Set your glutes up to work right, and as they get stronger, they will point you to other weak places that you can strengthen.

If that sounds discouraging, and like you’ll never be done, you need to shift your attitude right along with your backside.

Because what’s really happening is the signals are finally getting through.

You’re tuning in, not tuning out. You’re listening to your body, and that is awesome! You’re following clues and figuring things out! You’re realizing that your glutes aren’t tilting, tucking, gripping, or shifting for no reason! They’re pointing you to another “naughty” muscle.

Start by chasing down that one obvious muscle that wants to make you grip or tilt or shift, and you’ll strike gold and unwrap several other issues you’re dealing with.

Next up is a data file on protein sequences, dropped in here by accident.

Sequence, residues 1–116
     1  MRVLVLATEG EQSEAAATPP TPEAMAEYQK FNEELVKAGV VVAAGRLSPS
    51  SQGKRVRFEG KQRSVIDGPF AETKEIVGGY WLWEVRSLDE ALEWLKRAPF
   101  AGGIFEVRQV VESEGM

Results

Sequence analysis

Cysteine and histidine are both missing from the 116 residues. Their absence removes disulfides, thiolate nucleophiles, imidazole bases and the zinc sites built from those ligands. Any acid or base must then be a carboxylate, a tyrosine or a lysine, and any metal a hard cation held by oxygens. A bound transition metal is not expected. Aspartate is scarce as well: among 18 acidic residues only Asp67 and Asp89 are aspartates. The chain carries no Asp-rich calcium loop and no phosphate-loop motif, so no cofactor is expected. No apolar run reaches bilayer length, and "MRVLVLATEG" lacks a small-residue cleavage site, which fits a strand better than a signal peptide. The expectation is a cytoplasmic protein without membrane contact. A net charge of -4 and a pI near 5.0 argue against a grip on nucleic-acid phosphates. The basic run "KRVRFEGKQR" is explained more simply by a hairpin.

Tight hip flexors? The muscles in the front of your thigh and that attach to and weave around your frontal hip bones can wreak a lot of havoc on your core and body in general. If they are tight, guess what? Working the muscles on the back of your hips (i.e. your glutes) will stretch them, and when your hips aren’t tilting forward, your lower back isn’t compressed as badly!

Tight pectoral (chest) muscles that pull your shoulders forward? The muscles under your breasts do a number on your posture, and your posture can do a number on your chest muscles. Strengthening your glutes and keeping your hips aligned will also help you figure out your upper body, and guess what?

That soreness in your upper back and the roundness in your shoulders may also gradually go away as you open up the whole front of your body by doing what?

Wait for it…

Strengthen your posterior muscle sling

All the muscles that run down the back of your body are part of your posterior kinetic chain (i.e. the muscles that are responsible for backwards motions) and their key player is what?

Your glutes!